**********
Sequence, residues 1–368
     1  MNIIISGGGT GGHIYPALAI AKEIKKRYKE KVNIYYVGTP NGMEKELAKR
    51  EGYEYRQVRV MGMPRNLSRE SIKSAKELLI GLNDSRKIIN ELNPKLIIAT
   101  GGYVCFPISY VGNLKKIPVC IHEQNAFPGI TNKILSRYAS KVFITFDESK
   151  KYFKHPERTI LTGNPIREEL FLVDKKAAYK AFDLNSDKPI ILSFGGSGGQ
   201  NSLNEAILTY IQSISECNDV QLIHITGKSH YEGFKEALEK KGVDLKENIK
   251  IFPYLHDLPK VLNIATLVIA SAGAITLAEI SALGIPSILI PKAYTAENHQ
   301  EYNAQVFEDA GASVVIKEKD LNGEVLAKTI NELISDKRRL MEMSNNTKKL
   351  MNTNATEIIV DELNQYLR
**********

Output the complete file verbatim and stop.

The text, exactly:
Sequence, residues 1–368
     1  MNIIISGGGT GGHIYPALAI AKEIKKRYKE KVNIYYVGTP NGMEKELAKR
    51  EGYEYRQVRV MGMPRNLSRE SIKSAKELLI GLNDSRKIIN ELNPKLIIAT
   101  GGYVCFPISY VGNLKKIPVC IHEQNAFPGI TNKILSRYAS KVFITFDESK
   151  KYFKHPERTI LTGNPIREEL FLVDKKAAYK AFDLNSDKPI ILSFGGSGGQ
   201  NSLNEAILTY IQSISECNDV QLIHITGKSH YEGFKEALEK KGVDLKENIK
   251  IFPYLHDLPK VLNIATLVIA SAGAITLAEI SALGIPSILI PKAYTAENHQ
   301  EYNAQVFEDA GASVVIKEKD LNGEVLAKTI NELISDKRRL MEMSNNTKKL
   351  MNTNATEIIV DELNQYLR